One of my favorite phrases from the Talmud is as follows:
Whoever destroys a soul, it is considered as if they destroyed an entire world. And whoever saves a life, it is considered as if they saved an entire world.
During World War II, while most non Jews either turned their backs on their Jewish friends and neighbors or openly collaborated with the Nazis, a few brave souls dared to protect their Jewish friends and neighbors. They knew that if they were caught, the punishment for not just the individual, but his or her entire family was execution. But they still put their lives and the lives of their families on the line.
Writer Yvette Manessis Corporon was raised on her Greek grandmother’s stories of saving the lives of a Jewish tailor and his children during the war. But she didn’t know much beyond the story, until she started doing some research. Her research and her experience while doing this research led to the memoir, Something Beautiful Happened: A Story of Survival and Courage in the Face of Evil. While in the midst of fleshing out her grandmother’s story and trying to locate the living relations of the family whose lives were saved by her grandmother, Ms. Corporon was hit by a personal tragedy. In Overland Park, Kansas in April of 2014, three people were killed by a Neo-Nazi outside of a JCC. While none of the victims were Jewish, two of the victims, a young boy and his grandfather were cousins on her husband’s side of the family.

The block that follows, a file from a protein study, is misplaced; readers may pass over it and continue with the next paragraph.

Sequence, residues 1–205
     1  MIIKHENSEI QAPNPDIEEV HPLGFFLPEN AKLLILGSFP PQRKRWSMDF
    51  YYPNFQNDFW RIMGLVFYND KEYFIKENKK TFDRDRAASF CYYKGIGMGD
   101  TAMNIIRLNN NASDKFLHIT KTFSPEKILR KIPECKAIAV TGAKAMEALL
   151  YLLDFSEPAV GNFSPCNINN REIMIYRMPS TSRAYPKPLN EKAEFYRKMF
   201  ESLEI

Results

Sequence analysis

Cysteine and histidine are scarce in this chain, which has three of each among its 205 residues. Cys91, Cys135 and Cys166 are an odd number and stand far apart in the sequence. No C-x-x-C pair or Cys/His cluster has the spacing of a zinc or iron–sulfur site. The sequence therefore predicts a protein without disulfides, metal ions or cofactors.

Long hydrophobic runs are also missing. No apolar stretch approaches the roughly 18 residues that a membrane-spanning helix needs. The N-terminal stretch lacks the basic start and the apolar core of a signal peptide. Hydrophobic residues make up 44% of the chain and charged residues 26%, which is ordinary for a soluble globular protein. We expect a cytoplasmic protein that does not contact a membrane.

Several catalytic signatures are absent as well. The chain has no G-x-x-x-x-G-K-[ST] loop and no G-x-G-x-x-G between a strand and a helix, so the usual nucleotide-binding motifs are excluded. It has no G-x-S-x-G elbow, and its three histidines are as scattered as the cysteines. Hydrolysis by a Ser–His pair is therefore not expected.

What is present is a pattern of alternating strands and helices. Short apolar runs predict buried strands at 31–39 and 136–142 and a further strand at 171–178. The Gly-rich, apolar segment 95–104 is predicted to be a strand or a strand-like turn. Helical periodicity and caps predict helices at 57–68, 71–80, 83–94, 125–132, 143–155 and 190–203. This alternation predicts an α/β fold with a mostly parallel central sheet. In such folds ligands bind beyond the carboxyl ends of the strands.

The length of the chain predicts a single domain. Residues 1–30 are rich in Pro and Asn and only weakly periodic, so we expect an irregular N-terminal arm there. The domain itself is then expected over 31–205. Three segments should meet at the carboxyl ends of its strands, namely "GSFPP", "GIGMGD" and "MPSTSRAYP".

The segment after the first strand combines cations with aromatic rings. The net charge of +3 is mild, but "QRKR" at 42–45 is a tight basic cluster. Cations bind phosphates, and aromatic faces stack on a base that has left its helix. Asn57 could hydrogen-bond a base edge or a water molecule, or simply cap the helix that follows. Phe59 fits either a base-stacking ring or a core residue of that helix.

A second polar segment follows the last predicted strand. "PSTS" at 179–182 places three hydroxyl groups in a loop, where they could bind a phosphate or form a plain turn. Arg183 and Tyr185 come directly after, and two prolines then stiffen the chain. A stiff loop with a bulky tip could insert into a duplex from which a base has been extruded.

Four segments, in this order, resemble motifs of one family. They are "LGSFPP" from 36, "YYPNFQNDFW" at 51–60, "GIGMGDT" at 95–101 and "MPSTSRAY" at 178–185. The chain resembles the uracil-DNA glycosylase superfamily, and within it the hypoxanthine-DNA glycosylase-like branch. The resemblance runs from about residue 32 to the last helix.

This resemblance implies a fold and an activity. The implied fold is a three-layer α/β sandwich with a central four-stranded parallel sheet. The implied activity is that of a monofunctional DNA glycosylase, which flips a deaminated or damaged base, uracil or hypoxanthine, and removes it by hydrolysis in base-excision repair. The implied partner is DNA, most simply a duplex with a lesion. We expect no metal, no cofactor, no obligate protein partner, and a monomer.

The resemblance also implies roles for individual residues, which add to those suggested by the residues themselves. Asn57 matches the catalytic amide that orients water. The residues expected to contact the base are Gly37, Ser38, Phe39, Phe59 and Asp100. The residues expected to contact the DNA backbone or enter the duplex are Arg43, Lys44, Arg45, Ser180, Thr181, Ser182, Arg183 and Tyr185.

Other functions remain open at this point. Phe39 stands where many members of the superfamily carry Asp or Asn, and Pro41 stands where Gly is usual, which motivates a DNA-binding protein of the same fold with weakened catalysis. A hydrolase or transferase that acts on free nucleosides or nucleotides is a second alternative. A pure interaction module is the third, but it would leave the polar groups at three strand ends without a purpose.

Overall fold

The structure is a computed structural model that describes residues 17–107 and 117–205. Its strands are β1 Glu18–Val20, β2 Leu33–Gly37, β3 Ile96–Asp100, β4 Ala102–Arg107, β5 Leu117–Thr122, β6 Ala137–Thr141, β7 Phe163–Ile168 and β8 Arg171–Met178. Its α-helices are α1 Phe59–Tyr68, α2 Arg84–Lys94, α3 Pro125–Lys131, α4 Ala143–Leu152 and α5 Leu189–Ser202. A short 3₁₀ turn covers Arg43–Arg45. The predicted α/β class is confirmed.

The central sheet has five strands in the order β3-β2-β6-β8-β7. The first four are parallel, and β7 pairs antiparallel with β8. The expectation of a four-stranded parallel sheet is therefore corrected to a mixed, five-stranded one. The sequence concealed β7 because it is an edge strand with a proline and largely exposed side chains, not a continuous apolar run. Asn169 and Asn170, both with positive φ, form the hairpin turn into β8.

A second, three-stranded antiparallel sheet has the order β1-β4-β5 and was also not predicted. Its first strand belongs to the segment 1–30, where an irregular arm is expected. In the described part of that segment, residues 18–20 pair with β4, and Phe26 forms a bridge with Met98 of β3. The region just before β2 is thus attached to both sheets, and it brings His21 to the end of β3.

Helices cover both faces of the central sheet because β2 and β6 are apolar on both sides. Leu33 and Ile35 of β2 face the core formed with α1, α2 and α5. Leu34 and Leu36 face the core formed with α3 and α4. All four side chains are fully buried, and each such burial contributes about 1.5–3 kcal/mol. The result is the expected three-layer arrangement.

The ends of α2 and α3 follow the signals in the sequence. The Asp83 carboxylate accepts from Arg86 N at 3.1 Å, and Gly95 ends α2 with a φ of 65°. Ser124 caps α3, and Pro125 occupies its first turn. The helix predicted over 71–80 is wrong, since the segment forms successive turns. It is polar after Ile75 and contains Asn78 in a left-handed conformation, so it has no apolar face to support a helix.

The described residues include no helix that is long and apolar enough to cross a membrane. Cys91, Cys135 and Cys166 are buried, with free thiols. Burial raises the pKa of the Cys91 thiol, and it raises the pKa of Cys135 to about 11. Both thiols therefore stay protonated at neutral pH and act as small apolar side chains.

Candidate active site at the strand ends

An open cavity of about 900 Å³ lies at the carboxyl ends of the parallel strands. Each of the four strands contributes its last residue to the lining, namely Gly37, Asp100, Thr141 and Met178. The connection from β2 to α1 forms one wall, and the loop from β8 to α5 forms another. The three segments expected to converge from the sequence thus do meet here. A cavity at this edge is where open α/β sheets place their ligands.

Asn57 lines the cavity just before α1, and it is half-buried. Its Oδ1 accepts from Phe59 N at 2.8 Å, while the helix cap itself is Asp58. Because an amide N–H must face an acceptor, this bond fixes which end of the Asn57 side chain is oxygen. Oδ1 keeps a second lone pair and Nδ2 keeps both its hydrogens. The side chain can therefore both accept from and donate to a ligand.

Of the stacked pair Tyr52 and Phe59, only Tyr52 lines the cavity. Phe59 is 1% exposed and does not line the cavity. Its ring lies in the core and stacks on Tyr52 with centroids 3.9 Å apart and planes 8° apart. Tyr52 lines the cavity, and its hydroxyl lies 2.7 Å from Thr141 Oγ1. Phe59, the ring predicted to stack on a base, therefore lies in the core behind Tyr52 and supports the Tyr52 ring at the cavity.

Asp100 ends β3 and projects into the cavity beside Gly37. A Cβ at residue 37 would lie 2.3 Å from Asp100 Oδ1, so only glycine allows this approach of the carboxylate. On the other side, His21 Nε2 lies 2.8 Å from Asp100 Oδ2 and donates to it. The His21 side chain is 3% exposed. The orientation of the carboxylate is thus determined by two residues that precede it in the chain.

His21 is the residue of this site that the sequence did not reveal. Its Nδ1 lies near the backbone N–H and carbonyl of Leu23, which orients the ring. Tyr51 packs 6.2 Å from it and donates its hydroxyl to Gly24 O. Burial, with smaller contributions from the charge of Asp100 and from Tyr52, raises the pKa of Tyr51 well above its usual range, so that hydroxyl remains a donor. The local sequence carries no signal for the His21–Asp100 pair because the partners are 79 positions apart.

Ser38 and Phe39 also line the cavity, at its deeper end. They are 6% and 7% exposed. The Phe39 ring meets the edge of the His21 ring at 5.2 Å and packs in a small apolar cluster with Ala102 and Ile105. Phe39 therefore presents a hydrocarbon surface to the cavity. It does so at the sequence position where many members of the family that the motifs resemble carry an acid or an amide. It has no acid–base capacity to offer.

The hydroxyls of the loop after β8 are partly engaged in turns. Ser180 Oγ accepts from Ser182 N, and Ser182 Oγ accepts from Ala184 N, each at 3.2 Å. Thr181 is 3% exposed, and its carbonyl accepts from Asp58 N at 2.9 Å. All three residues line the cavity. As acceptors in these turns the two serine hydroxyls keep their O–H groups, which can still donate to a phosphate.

The thing that strikes me about this book is that it reminds me of the choices that we have in life. We can either waste our time and energy and hate someone because they are different or we can accept someone for who they are and move on with our lives. The author’s grandmother could have easily said no to saving her neighbors, after all, she still had to take care of her own family. But she said yes and in doing so, became a faint light in the darkness of World War II and The Holocaust.
I absolutely recommend it.
Dr. Edith Eva Eger has a unique take on grief and dealing with the emotional trauma. A survivor of Auschwitz and The Holocaust, her experience during World War II gives her an insight as how to deal and move on from grief and trauma.
She has chronicles her experiences in a book entitled, The Choice: Embrace the Possible. At the outset of World War II, Dr. Eger was a young woman from a Jewish family living in Hungary. By the time the war was over, Dr. Eger was a survivor of Auschwitz and other concentration camps. While she and her sisters were lucky enough to survive, the rest of their family perished. After the war, she married, had three children, became a refugee from Soviet controlled Hungary and emigrated to America, where she eventually received her doctorate in psychology.
Among memoirs by Holocaust survivors, this book stands out. While it is about Dr. Eger’s story, it is about much more than that. It is about how we can face our demons and traumas, whatever form they take and find the inner peace that we are yearning for.
I absolutely recommend it.